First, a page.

THE PEOPLE OF THE STATE OF NEW YORK RESPONDENT v. JIBRAUN MOSTILLER DEFENDANT APPELLANT

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Supreme Court, Appellate Division, Fourth Department.

THE PEOPLE OF THE STATE OF NEW YORK, RESPONDENT, v. JIBRAUN M. MOSTILLER, DEFENDANT–APPELLANT.

KA 14–01612

Decided: December 23, 2016

PRESENT:  SMITH, J.P., CENTRA, PERADOTTO, LINDLEY, AND CURRAN, JJ. THE LEGAL AID BUREAU OF BUFFALO, INC., BUFFALO (BARBARA J. DAVIES OF COUNSEL), FOR DEFENDANT–APPELLANT. MICHAEL J. FLAHERTY, JR., ACTING DISTRICT ATTORNEY, BUFFALO (DAVID A. HERATY OF COUNSEL), FOR RESPONDENT.

MEMORANDUM AND ORDER

It is hereby ORDERED that the judgment so appealed from is unanimously affirmed.

Memorandum:  On appeal from a judgment convicting him upon a jury verdict of burglary in the second degree (see Penal Law § 140.25[2] ), defendant contends that Supreme Court failed to comply with the requirements of CPL 310.30, as set forth in People v. O'Rama (78 N.Y.2d 270, 276–277) in responding to certain inquiries made by the jury.  We conclude that defendant failed to preserve his contention for our review (see generally CPL 470.05 [2] ).

During deliberations, the jury issued a note in which it requested a readback of certain testimony and, after the court read the note into the record and complied with the request, one of the jurors sought permission to ask a question.  The court permitted the juror to ask the question, without objection from defense counsel.  After clarifying the question with the juror and the foreperson, who posed an additional question, the court asked counsel if they wished to have the jurors put their questions into a note.  Defense counsel indicated that he did not, because the jurors' inquiries were on the record.  The court nevertheless directed the foreperson to put the jury's inquiries in writing.  After receiving the written note, the court read it into the record outside the presence of the jury, allowed counsel to inspect it, and then responded to the note.  On appeal, defendant contends that the court committed mode of proceedings errors by allowing the jurors to make oral requests and responding to those requests before they were put into writing, and that the court erred in the manner in which it responded to the oral requests.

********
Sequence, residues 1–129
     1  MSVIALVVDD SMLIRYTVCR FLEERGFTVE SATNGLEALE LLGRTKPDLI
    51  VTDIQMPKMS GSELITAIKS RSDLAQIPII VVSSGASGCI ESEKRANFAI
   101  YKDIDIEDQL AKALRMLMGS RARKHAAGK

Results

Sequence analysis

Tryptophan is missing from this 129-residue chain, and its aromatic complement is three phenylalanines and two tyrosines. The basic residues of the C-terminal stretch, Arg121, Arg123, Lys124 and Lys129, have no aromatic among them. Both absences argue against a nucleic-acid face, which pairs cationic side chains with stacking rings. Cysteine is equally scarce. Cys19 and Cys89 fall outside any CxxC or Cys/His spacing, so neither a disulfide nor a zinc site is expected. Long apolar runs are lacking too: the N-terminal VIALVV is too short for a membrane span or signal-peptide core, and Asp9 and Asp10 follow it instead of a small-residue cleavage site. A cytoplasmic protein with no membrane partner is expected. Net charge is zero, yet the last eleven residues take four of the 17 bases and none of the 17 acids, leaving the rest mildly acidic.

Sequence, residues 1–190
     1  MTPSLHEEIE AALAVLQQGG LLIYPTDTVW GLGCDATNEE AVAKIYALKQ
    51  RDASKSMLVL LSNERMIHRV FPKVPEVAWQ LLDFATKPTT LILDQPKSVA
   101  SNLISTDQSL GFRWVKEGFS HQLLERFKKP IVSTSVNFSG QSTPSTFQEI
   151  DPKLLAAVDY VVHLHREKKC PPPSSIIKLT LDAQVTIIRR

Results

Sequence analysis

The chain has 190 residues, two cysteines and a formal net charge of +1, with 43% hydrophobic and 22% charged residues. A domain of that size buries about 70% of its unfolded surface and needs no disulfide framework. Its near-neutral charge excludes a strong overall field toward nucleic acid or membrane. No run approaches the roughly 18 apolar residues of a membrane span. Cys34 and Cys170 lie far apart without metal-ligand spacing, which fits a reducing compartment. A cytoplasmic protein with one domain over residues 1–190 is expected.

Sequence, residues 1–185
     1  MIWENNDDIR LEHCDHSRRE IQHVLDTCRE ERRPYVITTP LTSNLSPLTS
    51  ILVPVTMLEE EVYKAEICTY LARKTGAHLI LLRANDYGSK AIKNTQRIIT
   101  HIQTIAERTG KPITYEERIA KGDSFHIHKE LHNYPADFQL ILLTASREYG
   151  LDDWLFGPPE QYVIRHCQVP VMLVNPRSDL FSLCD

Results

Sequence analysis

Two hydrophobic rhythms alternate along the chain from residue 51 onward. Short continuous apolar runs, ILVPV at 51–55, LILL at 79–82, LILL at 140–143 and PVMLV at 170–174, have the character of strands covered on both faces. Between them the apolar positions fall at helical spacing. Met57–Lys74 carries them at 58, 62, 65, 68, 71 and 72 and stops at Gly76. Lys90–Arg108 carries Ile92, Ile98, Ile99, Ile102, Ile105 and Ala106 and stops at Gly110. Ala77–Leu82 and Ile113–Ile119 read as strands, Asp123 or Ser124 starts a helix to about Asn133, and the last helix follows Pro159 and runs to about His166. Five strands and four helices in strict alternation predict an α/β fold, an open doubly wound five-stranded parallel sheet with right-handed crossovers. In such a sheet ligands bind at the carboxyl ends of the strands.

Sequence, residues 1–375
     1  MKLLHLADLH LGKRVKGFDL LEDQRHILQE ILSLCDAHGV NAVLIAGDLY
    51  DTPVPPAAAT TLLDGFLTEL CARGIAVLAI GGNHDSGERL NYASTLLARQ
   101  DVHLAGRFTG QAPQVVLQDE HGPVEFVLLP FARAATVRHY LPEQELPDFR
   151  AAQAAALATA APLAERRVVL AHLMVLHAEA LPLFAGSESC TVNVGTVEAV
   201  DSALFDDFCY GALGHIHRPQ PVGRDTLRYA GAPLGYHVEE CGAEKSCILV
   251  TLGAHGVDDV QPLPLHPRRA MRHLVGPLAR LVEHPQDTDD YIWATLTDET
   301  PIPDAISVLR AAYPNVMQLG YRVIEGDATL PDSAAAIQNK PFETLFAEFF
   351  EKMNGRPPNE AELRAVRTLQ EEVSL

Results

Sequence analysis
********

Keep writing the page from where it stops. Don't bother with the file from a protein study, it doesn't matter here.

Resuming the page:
“In People v. Nealon (26 NY3d 152 [2015] ), [the Court of Appeals] reiterated that a court complies with its responsibility to provide counsel with meaningful notice of a substantive jury inquiry by reading the precise content of the note into the record in the presence of counsel, defendant, and the jury before providing a response, even if the court departs from the O'Rama procedure ․ by failing to discuss the note or the court's intended response with counsel before recalling the jury into the courtroom ․ That holding was based upon [the Court's] precedent requiring preservation when the trial court departs from the O'Rama procedure but counsel nevertheless has meaningful notice of the jury note” (People v. Mack, 27 NY3d 534, 539).  Thus, “[t]he only errors that require reversal in the absence of preservation are those that go to the trial court's ‘core responsibilities' under CPL 310.30, such as giving notice to defense counsel and the prosecutor of the contents of a jury note” (People v. Kahley, 105 AD3d 1322, 1323, quoting People v. Tabb, 13 NY3d 852, 853).  Here, defense counsel was present in court when the jurors made their oral requests, and defense counsel acceded to the procedure used by the court.  Additionally, the court directed the jury to submit its questions in the form of a jury note, read the note into the record in the presence of defense counsel, and permitted defense counsel to inspect it before responding.  Consequently, we conclude that the court did not violate its core O'Rama responsibilities (see People v. Barnes, 139 AD3d 1371, 1372, lv denied 28 NY3d 926) and, therefore, preservation was required (see People v. Brito, 135 AD3d 627, 628–629, lv denied 27 NY3d 1066;  People v. Simmons, 97 AD3d 842, 843, lv denied 20 NY3d 935;  People v. Peller, 8 AD3d 1123, 1123–1124, lv denied 3 NY3d 679).  We decline to exercise our power to review defendant's O'Rama contentions as a matter of discretion in the interest of justice (see CPL 470.15[6][a] ).